Shepherding God's people
S - Jer 23:1-4 (NASB)
“Woe to the shepherds who are destroying and scattering the sheep of My pasture!” declares the LORD. 2 Therefore thus says the LORD God of Israel concerning the shepherds who are tending My people: “You have scattered My flock and driven them away, and have not attended to them; behold, I am about to attend to you for the evil of your deeds,” declares the LORD. 3 “Then I Myself will gather the remnant of My flock out of all the countries where I have driven them and bring them back to their pasture, and they will be fruitful and multiply. 4 I will also raise up shepherds over them and they will tend them; and they will not be afraid any longer, nor be terrified, nor will any be missing,” declares the LORD.
O - The context of this scripture is speaking of the leaders of Israel and Judah at this time, but it is very applicable to us to day. Jeremiah's prophecy was likely speaking of how the kings, and levitical leaders had not shepherded God's people well, and as a result God's people have wandered far from God. The further they wandered, the more evil their deeds became. We see this all the way up to when Jesus comes and shakes things up, and restores a good shepherd in place of leadership over God's people. The truth is this principle of being a good shepherd apply's to all leaders of God's people, up to today. Shepherds of God's people are required to tend to, gather, and lead them well so they feel cared for, not lost, hurt, and seperated. The principle is good for the sheep and in the best interest of the shepherd. The sheep are what bear fruit. Without the sheep the shepherds livelihood are at risk. Healthy sheep reproduce them self and the flock grows. If they are cared for well they will be fruitful and multiply. If they are stressed and scattered, little fruit will be yielded.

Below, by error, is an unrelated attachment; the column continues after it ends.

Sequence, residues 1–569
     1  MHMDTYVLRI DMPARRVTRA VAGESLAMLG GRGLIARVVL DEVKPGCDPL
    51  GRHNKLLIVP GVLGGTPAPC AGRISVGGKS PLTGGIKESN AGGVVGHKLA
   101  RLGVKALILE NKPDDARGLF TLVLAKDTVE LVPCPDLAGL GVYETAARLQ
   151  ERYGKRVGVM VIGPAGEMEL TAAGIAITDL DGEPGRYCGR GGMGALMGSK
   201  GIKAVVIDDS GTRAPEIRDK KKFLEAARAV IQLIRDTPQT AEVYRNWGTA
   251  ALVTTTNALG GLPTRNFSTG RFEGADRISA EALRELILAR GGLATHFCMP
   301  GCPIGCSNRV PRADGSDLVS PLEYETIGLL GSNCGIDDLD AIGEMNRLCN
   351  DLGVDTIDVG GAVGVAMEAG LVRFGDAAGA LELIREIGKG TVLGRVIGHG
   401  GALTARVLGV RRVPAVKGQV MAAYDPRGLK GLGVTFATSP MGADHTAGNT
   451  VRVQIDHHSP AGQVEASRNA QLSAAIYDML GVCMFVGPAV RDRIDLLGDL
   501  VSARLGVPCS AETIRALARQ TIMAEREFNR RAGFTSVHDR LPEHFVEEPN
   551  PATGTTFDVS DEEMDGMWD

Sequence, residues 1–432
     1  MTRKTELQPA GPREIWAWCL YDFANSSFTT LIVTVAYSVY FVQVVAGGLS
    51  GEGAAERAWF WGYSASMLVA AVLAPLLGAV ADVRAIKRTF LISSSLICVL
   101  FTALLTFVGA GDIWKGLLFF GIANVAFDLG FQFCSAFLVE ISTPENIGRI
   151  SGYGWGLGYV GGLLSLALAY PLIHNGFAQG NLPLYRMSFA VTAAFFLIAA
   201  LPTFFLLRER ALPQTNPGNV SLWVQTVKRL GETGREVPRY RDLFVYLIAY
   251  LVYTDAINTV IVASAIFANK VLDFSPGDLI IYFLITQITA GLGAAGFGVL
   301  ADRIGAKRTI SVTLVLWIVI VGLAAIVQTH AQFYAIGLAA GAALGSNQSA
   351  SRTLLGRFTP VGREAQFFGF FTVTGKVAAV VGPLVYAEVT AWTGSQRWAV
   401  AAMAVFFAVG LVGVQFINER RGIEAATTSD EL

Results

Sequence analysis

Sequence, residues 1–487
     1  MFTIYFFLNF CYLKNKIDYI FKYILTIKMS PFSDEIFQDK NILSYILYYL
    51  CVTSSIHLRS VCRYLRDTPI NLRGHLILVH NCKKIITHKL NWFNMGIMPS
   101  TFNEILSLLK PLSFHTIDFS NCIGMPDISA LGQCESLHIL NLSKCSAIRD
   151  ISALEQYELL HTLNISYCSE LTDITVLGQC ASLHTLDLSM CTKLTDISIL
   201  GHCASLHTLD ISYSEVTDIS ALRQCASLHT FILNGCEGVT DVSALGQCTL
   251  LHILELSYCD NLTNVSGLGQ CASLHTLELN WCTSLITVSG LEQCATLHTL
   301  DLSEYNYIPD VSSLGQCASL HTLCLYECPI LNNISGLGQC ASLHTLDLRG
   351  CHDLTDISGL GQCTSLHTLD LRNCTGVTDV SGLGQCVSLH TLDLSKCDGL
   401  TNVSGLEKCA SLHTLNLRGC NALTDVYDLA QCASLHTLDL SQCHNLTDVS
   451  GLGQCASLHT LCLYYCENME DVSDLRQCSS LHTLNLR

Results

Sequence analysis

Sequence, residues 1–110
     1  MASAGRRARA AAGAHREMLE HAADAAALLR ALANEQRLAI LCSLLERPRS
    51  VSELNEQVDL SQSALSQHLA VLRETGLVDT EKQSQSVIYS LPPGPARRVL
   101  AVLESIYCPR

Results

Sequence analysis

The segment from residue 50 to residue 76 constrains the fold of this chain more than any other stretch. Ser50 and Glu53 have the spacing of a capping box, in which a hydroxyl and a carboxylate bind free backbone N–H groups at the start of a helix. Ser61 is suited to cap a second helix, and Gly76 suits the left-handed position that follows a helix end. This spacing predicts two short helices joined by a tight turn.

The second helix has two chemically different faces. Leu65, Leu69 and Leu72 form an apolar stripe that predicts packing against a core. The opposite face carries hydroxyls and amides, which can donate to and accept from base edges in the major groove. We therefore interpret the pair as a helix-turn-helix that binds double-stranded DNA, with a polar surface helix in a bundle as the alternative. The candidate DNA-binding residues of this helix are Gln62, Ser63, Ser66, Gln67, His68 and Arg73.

A - The application for me is as leader and a mentor to up and coming leaders is to better understand and apply the good shepherd model for leading people. The goal is to be a shepherd leader like Jesus, whose sheep know his voice, and follow him, and he will not let them down. Practically we can accomplish this by following Jesus' example of good shepherding:
1. Build relationships first - the sheep must know your voice, and they get to know your voice, when you spend time with them. Without this, they may know you title, but not know your voice, and how to discern it from other voices in the wind.
2. Lead them to green pasture - the leader needs to be focused on where to go so that the flock may thrive. If the leader is vision-less and directionless the sheep will begin to wander.
3. Tend to the sheep - in the process of being in the pasture, you will have injured sheep who step in holes, get sick, or are even trampled on by a few other sheep. The good shepherd goes after and cares for these injured within the flock. As leaders we are to know the condition of our flock, and tend to those injured, weak, or weary.
P - Dear heavenly Father, thank you for today's lesson, may it be sealed to my heart. I pray Lord that you would continue to train and and equip me in what it means to be a good shepherd. I may never arrive at being the shepherd Jesus is to all of us, but help me Lord to be a sheperd who builds relations, has vision and direction, and knows the condition of those who follow, ministering to their needs. I pray all this in Jesus name, Amen.